Jacob Riis’s book How The Other Half Lives, written in 1890, remains an outstanding example of the importance of investigative journalism and the continued vitality of the Fourth Estate.


Jacob Riis was among the earliest of what Theodore Roosevelt later termed ” muckraker”, “taking the rake to uncover the most unpleasant conditions in American society.”  In Riis’s case, the issue was the plight of thousands of immigrants living and working in horrid conditions in the New York City tenements of the late 19th century. How The Other Half Lives is not a historical novel but rather a work of non-fiction, well researched reporting, personally witnessed by the journalist.

Riis was himself an  immigrant, born in Denmark among a family of fifteen children. He apprenticed as a carpenter in Copenhagen but discouraged by job availability he immigrated to the United States in 1870 at age  21.  Having caught a brief glimpse of the squalid living conditions among immigrants in New York’s tenement district, he left for western Pennsylvania and found work there as a carpenter. Perceived as being taken advantage of by his employers, he returned to New York as a salesman of flat irons whereupon he saw an advertisement for a Long Island newspaper looking for an editor. Thus, with no experience as a writer, he began his career in journalism.  He later accepted a position as a reporter for The New York News Association where he began writing with assignments covering both the rich and the impoverished. Riss was aware of conditions among the extremely poor in New York from his previous brief stay in and around the notorious Five Points. However, his job at the NYNA, the New York Sun and later in a big step up to the New York Tribune , he found a pulpit from which to begin informing the public on How The Other Half Lives .  Riis turned his print platform into a personal crusade, attempting  to alleviate the bad living and working conditions of the poor by exposing their horrid circumstances to the people who could make a difference, the middle and upper class of the city and its political establishment. Riis was perfectly willing to hold both the upper class and politicians accountable for the exploitation of men, women and children in both employment and housing. The pages of his early articles for Scribner’s Magazine and later in the complete volume How The Other Half Lives  are so vivid that uninformed critics, in disbelief, termed the details of his reporting an exaggeration and sensationalism.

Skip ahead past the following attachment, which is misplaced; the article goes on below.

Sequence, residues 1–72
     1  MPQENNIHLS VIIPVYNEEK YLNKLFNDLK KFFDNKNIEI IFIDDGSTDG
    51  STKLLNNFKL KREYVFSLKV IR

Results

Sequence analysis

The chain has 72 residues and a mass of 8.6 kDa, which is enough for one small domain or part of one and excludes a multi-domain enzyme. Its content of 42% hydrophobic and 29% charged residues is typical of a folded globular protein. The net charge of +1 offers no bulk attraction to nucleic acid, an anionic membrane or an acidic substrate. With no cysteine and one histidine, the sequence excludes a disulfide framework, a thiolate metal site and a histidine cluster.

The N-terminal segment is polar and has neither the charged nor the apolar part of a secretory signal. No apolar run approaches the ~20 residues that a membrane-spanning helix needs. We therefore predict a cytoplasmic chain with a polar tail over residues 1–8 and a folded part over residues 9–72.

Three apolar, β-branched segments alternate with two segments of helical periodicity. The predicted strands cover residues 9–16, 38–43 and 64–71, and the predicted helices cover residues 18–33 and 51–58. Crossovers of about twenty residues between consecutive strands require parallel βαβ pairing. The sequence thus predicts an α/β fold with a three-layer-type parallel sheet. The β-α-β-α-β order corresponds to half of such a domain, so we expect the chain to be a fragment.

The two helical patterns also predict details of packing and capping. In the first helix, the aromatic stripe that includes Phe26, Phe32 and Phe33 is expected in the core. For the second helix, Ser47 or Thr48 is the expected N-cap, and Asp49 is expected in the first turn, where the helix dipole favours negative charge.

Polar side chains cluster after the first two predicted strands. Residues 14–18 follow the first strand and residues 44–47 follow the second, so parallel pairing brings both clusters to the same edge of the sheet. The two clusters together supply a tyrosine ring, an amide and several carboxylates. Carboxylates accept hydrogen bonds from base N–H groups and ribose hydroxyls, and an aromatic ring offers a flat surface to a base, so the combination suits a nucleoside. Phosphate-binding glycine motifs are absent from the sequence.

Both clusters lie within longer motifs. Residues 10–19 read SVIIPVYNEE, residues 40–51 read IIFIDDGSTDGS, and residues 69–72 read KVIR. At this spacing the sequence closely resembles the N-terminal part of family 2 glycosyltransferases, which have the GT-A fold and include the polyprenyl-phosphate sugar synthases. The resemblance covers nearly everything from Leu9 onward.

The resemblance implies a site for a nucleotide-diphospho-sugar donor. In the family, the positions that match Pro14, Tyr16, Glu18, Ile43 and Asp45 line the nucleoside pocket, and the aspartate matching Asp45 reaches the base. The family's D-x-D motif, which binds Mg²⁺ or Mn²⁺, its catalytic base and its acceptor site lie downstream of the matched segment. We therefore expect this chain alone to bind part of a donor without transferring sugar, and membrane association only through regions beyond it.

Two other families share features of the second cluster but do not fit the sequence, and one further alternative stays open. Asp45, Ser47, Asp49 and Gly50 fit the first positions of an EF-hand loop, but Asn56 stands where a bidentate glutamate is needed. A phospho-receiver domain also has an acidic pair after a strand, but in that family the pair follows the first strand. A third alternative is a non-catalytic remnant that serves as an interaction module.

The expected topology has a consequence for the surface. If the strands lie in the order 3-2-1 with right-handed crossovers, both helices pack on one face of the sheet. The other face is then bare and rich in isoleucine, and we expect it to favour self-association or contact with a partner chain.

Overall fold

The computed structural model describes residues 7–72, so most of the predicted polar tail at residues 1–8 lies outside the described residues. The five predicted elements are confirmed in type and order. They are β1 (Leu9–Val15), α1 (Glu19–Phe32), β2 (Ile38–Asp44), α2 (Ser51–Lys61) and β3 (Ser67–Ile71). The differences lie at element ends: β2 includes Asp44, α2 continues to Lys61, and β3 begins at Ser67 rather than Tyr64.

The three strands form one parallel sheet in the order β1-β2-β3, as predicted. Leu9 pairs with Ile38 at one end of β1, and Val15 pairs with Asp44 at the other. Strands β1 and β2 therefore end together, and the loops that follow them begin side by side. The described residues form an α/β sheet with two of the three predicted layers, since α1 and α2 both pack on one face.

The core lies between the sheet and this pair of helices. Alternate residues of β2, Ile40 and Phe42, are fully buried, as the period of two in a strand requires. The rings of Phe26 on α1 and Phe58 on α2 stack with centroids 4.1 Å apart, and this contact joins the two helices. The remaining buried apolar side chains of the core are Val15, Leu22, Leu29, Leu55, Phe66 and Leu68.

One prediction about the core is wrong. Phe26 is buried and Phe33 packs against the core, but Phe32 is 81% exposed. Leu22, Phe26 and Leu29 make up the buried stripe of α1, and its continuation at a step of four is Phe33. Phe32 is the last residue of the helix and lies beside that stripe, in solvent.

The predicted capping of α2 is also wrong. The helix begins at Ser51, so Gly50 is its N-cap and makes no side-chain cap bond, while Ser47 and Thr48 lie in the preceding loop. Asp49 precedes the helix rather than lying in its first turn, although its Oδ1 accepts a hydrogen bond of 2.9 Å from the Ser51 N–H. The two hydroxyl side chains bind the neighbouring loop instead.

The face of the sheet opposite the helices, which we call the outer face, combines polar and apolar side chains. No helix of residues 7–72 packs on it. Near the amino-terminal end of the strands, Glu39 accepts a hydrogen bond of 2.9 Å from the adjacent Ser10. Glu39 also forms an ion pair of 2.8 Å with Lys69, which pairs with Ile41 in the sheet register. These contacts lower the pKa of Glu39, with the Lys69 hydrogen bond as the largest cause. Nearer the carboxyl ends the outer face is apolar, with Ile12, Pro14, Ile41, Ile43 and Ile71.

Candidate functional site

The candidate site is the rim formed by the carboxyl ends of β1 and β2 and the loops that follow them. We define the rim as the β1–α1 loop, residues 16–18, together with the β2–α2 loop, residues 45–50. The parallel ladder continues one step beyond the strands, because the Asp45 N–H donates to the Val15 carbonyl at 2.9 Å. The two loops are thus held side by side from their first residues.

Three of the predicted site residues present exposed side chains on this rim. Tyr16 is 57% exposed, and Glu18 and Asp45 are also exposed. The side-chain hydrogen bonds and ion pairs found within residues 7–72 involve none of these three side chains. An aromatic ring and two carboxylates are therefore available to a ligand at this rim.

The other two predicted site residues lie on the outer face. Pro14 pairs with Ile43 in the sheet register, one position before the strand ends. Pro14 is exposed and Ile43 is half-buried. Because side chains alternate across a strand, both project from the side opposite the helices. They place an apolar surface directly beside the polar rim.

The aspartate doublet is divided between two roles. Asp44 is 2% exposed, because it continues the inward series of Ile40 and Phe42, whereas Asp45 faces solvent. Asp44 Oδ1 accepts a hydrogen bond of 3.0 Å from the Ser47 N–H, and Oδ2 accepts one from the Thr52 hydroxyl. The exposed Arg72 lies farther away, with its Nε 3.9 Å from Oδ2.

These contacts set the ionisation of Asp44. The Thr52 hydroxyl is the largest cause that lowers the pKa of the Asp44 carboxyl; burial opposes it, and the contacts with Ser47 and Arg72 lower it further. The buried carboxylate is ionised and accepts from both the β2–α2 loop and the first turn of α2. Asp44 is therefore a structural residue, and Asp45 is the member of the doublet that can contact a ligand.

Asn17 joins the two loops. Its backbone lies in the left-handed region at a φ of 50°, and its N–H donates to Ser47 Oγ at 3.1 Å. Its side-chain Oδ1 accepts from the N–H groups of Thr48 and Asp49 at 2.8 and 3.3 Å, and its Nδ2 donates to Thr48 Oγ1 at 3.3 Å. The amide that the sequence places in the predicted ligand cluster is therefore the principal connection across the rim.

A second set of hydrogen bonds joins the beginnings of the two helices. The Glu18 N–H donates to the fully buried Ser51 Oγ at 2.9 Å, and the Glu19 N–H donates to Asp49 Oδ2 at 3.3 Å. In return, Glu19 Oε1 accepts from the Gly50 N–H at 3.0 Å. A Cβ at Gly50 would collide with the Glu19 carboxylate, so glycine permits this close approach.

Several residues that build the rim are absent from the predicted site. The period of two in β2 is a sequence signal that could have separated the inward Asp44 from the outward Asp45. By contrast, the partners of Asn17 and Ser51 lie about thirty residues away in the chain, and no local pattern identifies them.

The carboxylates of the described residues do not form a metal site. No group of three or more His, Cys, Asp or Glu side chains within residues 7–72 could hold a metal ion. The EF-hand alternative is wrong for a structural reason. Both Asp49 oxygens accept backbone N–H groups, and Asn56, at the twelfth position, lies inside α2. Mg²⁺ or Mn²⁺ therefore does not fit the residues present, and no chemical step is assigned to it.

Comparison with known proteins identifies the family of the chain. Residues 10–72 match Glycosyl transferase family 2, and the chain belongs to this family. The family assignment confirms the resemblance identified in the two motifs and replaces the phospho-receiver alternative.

Surely this work is an early reformist look at income inequality but  Riis referred to this large percentage of the New York City population as a class  unto itself, literally without identity or voice, enslaved by landlords who exploited their fears. The same people were recruited as the machinery of piecework in the early garment and cigar making industry at wages below any standards of decency.  The tenement  districts in New York exploded with thousands of men, women and children crowded into one or two rooms often without ventilation, sanitation or running water. Riss estimated that at one fifth of the city’s population lived under these conditions.